So True is here! Whether you read Auburn’s enemies-to-lovers story in So Close or are just meeting the Campbell siblings for the first time, you will love their close-knit family and the small town of Tierney Bay. And you’ll fall head-over-heels for Chiara and Jax’s first-love, second-chances tale. Scroll down for an excerpt!
Chiara and Jax were high-school sweethearts, until Jax left town without a word or a backward glance. Now he’s back … and he needs her help to save his brother’s shop. Being together in the tiny store re-ignites all their old feelings—and a whole lot of new ones—but can she risk having her heart broken again?
“Jax and Chiara’s second chance story is a gorgeous tale of falling in love…again. Serena Bell’s skillful use of emotion and her ability to weave a scene make for a breathtaking romance. Cannot wait for the next installment of the series!”
—Christina Hovland, Author of Going Down on One Knee
“Where is he?” Jax demanded.
“It’s not my place to tell you that,” Chiara said.
“He’s my brother.”
Against his better judgment, his voice had risen, and her eyes narrowed. “You can’t just show up here and talk to me like that—after what you did—” She stopped. “Did it occur to you that maybe he doesn’t want to see you?”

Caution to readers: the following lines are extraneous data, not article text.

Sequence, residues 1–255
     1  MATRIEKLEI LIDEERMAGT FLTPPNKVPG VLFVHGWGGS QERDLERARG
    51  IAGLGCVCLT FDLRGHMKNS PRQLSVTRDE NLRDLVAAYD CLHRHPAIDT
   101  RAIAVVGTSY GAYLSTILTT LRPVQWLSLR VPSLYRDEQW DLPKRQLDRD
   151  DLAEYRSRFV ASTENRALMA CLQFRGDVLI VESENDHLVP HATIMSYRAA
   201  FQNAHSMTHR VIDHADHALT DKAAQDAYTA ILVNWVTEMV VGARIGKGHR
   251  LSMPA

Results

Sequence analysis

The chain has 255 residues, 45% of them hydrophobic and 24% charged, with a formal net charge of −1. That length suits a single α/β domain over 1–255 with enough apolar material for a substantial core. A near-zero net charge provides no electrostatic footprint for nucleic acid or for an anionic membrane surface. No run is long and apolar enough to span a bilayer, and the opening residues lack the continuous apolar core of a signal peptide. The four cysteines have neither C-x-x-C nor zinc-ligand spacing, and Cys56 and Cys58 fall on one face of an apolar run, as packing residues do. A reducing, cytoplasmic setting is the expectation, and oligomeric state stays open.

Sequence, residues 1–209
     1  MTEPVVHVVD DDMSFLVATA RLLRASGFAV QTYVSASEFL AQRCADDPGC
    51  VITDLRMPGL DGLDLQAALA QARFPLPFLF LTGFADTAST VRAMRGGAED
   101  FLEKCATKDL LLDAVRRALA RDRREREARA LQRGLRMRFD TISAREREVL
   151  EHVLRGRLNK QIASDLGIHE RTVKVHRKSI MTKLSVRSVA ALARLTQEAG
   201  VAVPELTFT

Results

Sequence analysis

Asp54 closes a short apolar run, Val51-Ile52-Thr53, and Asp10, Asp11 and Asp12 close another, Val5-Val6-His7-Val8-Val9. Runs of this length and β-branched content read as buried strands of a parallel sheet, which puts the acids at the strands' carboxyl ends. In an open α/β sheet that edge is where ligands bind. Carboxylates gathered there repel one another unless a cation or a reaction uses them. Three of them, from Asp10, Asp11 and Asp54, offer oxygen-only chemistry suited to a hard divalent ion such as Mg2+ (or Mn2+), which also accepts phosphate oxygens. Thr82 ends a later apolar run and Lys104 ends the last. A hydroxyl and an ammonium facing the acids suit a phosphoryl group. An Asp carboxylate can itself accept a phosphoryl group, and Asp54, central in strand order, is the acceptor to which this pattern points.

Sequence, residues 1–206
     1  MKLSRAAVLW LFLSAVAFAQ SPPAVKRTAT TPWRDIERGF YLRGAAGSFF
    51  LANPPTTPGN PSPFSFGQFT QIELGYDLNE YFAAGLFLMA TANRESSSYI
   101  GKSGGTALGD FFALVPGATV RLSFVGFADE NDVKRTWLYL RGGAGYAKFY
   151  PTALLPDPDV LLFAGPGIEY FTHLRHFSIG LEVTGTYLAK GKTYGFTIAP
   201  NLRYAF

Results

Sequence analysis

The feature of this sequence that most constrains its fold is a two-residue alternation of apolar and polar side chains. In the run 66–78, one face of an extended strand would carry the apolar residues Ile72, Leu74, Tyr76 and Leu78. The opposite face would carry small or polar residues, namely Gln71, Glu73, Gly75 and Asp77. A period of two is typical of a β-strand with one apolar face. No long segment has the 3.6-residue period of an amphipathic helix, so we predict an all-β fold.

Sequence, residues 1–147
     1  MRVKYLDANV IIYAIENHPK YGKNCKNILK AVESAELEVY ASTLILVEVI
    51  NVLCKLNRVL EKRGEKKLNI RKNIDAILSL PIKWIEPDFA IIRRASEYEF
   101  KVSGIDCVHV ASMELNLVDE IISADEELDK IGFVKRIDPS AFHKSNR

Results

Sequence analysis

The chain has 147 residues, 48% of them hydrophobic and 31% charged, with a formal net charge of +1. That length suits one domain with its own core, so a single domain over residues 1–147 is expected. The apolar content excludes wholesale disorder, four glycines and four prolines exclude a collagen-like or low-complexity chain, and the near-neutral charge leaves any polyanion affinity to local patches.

The anger in her voice cut through the thickness of his own frustration, shut him right down. He took a deep breath. There were freckles across the bridge of her nose that he didn’t remember. A smattering on her cheeks, the fair skin underneath bright pink with the heat of her emotion. Her eyes flashed with it.
And suddenly he was so ashamed of himself that he could barely stand it. She was right, of course. After what he’d done to her, he had no right to speak to her at all, let alone demand anything of her.
“He doesn’t want to see me?” he asked. “Or you don’t?”
She stood very still. Only her fingers moved, fidgeting with something on the counter. A game piece, he thought. She turned it over in her hand, moved it between her fingers, set it down again.
“Both,” she said. The heat had gone out of her voice. Which made him feel worse. She said it calmly, like she’d had ten years to get used to the idea. Like she didn’t much care anymore. Which he deserved, but still.
He almost told her right that second, just blurted it all out. He’d always been a little bit afraid that the first time he laid eyes on her it would all come spilling out. The whole story—why he’d left, why he’d never gotten in touch. Right after he’d left, he’d fantasized that he’d be able to tell her someday. He’d pictured her listening—angry at first, but then, somehow, willing to forgive.
That had been ten years ago, and he still couldn’t tell her.